Wednesday, 12 September 2012

Vale Foodbank in Dinas Powys

One of the big under-reported stories of the summer has been the impact of government austerity measures on individuals, families and communities. The recent figures have been shocking. For instance, 13 million people live below the poverty line in the UK; while here in Wales over one in ten people of working age are now out of work, a level of unemployment not seen for almost twenty years.

Communities can act to combat local poverty and hidden hunger by supporting schemes such as foodbanks. The Trussell Trust acts as an umbrella organization for foodbanks across the UK. The Vale Foodbank was established under this umbrella in October 2011. It is based at Coastlands Family Church in Barry, and aims to open food distribution centres around the Vale of Glamorgan to help people who are struggling to make ends meet.

A Vale Foodbank distribution centre opened today in Dinas Powys, in the Bethesda Chapel. It will open for an hour every Wednesday. Free emergency food supplies will be exchanged for vouchers given to people particularly identified as being in need by social workers, doctors, police and other community groups (in total 40 partners across the Vale). One voucher can be exchanged for enough food for three days.

Mike Grove from Bethesda Chapel welcomed people to the official opening this afternoon. Susan Lloyd-Selby, the Vale Foodbank co-ordinator, then talked about the success of their first year, in which they have managed to feed everyone who has been referred to them. When they started they expected to feed 800, but in fact have fed 1,643 people since October 2011.

Of those referred, 30% have been plunged into crisis due to delays in benefit payments. Others are referred due to low income, while there has been a dramatic rise in the number in debt. 68% of the food distributed has gone to feed children under the age of 16.

Sue related some stories of the real people behind the statistics: a man who hadn't eaten for two days, a woman homeless after leaving home due to domestic violence, a couple suddenly plunged into debt after an accident. She stressed that it was not just about giving food, but providing wider support and advice through contact with the regular volunteers. Sue thanked these “lifechangers” (with reference to Olympic “gamesmakers”), and also thanked all the people who donated over 115 kg of food during the past year. Future Vale Foodbank plans include free money management courses.

Photo: Councillor Val Hartrey (Chair of Dinas Powys Community Council), Jane Hutt AM, Mike Grove and Susan Lloyd-Selby (the cakes spell "Vale Food Bank").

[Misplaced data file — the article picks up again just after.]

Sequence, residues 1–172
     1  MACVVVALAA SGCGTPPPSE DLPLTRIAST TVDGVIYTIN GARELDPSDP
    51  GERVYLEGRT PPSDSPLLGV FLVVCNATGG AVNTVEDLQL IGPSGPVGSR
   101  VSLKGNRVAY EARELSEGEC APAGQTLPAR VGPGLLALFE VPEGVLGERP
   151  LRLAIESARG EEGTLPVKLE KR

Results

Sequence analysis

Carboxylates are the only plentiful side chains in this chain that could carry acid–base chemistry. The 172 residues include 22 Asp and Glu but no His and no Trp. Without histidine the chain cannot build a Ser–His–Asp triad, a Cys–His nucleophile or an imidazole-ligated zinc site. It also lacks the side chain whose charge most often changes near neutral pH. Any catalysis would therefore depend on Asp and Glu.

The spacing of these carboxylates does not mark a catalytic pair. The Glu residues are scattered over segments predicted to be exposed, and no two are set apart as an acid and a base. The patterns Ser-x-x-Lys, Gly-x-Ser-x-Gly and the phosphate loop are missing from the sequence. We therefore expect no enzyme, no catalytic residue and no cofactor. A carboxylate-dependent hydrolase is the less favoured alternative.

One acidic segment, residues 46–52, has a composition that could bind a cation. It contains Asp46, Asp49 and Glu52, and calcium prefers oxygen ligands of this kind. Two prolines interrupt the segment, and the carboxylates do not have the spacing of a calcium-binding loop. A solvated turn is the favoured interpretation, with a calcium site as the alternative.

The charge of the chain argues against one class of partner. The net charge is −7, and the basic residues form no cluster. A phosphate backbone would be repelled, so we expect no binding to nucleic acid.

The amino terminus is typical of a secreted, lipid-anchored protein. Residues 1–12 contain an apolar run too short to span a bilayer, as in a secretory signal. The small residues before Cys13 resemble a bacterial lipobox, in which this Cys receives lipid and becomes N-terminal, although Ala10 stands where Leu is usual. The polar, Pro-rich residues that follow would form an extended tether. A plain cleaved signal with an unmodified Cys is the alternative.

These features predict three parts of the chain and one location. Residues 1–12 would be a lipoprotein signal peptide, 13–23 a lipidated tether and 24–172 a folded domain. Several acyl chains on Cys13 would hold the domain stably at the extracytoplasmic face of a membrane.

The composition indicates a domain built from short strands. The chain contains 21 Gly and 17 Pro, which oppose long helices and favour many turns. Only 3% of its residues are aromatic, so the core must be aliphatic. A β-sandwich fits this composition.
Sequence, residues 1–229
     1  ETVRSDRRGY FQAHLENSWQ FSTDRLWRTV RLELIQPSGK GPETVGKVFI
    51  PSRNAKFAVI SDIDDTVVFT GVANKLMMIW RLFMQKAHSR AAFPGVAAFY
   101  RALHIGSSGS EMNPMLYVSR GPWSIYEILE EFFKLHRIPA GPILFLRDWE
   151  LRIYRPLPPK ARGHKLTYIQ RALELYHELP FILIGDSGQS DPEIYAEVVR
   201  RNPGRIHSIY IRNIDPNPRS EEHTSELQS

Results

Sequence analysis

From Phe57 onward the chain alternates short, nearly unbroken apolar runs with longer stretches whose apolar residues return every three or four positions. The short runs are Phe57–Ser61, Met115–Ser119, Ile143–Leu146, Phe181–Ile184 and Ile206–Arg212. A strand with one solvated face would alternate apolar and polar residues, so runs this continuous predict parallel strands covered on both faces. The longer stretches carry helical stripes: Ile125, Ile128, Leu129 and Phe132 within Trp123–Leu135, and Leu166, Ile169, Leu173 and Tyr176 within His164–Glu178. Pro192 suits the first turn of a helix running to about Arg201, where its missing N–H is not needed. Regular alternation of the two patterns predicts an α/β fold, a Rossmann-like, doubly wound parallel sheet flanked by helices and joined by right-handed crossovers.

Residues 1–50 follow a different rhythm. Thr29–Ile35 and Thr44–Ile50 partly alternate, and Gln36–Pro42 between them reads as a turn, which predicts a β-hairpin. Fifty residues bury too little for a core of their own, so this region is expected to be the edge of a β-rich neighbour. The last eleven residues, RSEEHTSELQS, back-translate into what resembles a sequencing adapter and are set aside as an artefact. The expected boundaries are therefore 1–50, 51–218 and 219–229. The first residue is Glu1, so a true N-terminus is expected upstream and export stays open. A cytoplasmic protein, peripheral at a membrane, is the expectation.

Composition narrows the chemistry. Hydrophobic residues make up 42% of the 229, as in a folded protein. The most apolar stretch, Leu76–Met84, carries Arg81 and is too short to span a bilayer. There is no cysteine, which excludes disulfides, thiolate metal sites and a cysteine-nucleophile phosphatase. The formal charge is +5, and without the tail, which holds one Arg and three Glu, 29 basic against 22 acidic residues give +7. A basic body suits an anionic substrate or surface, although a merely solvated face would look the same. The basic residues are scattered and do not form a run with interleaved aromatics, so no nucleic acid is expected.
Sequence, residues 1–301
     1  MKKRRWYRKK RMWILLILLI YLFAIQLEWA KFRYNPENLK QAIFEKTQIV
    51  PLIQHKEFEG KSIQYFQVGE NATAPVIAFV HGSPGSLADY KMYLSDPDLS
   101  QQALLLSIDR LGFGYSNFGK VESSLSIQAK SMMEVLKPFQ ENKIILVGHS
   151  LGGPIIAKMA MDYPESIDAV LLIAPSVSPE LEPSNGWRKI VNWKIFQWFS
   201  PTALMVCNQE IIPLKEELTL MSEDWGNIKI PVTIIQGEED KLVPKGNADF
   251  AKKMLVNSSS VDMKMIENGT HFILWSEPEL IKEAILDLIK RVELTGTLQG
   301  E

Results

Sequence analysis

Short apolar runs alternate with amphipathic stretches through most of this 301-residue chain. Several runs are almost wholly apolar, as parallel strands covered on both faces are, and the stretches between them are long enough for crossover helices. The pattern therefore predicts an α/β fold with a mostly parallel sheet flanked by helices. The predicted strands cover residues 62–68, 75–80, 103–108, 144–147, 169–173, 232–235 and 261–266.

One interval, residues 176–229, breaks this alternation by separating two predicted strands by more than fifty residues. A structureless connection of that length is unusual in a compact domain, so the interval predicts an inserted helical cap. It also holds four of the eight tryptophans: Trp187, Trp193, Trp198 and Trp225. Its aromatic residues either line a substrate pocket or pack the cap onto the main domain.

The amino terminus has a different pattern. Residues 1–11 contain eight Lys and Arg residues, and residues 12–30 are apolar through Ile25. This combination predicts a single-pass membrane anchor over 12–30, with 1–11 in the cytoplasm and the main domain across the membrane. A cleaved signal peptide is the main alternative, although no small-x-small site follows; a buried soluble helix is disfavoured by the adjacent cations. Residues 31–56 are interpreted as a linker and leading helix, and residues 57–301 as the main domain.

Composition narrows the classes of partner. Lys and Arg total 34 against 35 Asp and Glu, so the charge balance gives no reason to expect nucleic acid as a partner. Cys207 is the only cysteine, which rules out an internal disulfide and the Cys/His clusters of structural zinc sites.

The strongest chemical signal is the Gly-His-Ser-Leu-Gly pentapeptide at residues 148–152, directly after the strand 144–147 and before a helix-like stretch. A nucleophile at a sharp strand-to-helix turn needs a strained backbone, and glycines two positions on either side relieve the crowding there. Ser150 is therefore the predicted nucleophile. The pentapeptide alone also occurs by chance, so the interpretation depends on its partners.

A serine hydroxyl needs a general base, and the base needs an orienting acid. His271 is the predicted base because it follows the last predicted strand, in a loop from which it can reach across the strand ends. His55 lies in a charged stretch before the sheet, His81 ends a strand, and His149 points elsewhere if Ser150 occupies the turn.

Jane Hutt AM opened the Dinas Powys distribution centre today, just as she opened the first Vale Foodbank in Barry last year. An active supporter, she noted that action needs to be taken to stop so many people falling into poverty, especially through reasons such as delays in benefit payments and loss of tax credits. Jane also stressed that Foodbanks provide a framework for offering wider help and support, to give people back some dignity and restore hope.

The food given out at the Vale Foodbank is donated by businesses and individuals. You can donate to the Bethesda Chapel during Foodbank opening hours. Individuals are asked to give dried and tinned foods (see contact details below).

In addition to making donations of tins and packaged food, Jan and Tony Mapstone of Valley View Fruit Stores in Dinas Powys also donate fresh fruit and vegetables (they wear dark blue in the photo below).

To those who have questioned why a relatively prosperous community in the Vale of Glamorgan needs a foodbank: wake up, this is the reality of life today.

The Vale Foodbank
Coastlands Family Church, Tennyson Road, Colcot, Barry, Vale of Glamorgan CF62 9TN

The Trussell Trust:

Reference for Welsh Unemployment:

We noted the Olympics earlier. Therefore, just room to note that ATOS, partners for the London 2012 Paralympic Games, are the firm charged with assessing disability benefit payments in a government money-saving operation. Removal of benefits is fuelling the need for foodbanks. Currently, at least one new foodback opens every week in the UK.

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